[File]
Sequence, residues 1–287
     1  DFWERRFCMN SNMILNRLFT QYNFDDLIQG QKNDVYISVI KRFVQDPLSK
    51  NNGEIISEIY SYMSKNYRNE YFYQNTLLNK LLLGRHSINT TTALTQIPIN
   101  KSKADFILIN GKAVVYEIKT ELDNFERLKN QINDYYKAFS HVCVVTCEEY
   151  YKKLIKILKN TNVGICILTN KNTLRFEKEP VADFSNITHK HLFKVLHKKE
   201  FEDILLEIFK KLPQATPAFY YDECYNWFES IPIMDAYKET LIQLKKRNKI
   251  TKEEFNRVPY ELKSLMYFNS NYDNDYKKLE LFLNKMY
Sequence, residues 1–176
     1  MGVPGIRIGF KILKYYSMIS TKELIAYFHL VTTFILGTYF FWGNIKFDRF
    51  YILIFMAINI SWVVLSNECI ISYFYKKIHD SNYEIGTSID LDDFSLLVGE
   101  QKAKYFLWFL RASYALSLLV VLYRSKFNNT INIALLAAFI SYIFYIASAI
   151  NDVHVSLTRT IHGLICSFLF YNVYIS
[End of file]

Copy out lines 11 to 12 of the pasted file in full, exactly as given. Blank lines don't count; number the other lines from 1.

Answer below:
   101  QKAKYFLWFL RASYALSLLV VLYRSKFNNT INIALLAAFI SYIFYIASAI
   151  NDVHVSLTRT IHGLICSFLF YNVYIS